Dubai’s tourism sector is “back on track,” according to the chief executive of Dubai Economy and Tourism, as the emirate continues to implement high standards of hygiene, health, and safety measures throughout the Covid-19 pandemic, and the emirate is well positioned to adapt to the future of travel in the post-Covid era.
The emirate hosted six million visitors in the 11 months from January to November 2021, sold 9.4 million room nights for domestic tourists alone, and reopened 736 hotel establishments with around 135,000 rooms and occupancy levels of 60%, highlighting global demand for travel and Dubai’s role in the recovery, Issam Kazim said via video conferencing at the Dubai Accessible Tourism International Summit on Wednesday.
“Dubai tourism is back on track as a consequence of smart actions taken… that allow our city to securely navigate and accelerate out of this unique global problem,” Kazim added. “The citywide security measures put us in a solid position to overcome any problems.”
Dubai is one of the few international tourism centers that is still open for business during the busy holiday season, which has been interrupted internationally by the Omicron strain.
Dubai International Airport maintained its status as the world’s busiest for international travelers in December, surpassing major hubs such as London Heathrow as passenger traffic increased during the peak travel season. The emirate retained first place with 3.54 million seats, over one million more than the second busiest airport, London Heathrow.
“As one of the first places to successfully open to foreign travelers, we are always aiming to reach the objective of becoming one of the chosen destinations for all tourists, including determined individuals,” Mr Kazim added.
People of determination, who account about 15% of the world’s population or one billion people, provide a significant market potential to improve the global travel and tourism business. However, experts and stakeholders at the summit agreed that more changes in law, infrastructure, and staff training are required to fully realize this potential.
According to the World Health Organization, this amount is predicted to quadruple to two billion people by 2050, making it even more critical for enterprises to target the inclusive travel market. In the Middle East, over 50 million individuals with special needs look forward to visiting cities and tourist locations that provide suitable services to satisfy their requirements.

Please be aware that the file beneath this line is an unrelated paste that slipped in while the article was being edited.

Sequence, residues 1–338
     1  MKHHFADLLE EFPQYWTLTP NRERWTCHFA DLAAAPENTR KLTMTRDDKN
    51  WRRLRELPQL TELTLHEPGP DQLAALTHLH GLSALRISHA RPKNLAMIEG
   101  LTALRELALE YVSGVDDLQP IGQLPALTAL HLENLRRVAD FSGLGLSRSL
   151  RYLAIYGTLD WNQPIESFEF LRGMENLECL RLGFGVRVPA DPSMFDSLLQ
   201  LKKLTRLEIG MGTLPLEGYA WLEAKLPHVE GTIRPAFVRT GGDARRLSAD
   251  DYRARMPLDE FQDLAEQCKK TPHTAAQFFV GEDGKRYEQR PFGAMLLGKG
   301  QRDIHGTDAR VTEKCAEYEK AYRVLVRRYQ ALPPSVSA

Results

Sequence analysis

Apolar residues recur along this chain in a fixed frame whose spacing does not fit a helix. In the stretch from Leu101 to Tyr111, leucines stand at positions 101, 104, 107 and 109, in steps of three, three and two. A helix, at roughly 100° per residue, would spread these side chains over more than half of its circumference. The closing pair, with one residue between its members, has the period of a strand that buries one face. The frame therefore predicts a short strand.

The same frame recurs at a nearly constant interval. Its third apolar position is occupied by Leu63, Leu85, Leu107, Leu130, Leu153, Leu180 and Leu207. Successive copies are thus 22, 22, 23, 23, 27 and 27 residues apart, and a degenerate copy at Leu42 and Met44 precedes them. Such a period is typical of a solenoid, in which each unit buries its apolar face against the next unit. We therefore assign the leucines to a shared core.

“I don’t know why they aren’t looking for this money, we’re 15% of the total population, we’re a big business for tourism,” Majid Usaimi, member of the Higher Committee for the Protection of the Rights of Persons with Disabilities at the Dubai Executive Council, told reporters on the sidelines of the summit. “It’s a lot of money… make it available to everyone so that you have tourists all year, it’s good.”
Coordination among stakeholders in the travel and tourism sector – including airlines, airports, hotels, entertainment venues, transportation, and others – is required to offer smooth amenities for persons of determination when traveling, he noted.
According to Anna Grazia Laura, president of the European Network for Accessible Tourism, a lack of suitable facilities and services costs the world economy around €142 billion ($162.10 billion) each year and results in the loss of 3.4 million employment.
“Accessibility, whether physical access or information provision, is likely to be of interest,” she added. “As a result, the tourist sector will need to adapt to shifting trends and implement creative techniques to meet the new expectations, wants, and preferences of expanding markets, based on their features [and] behavior.”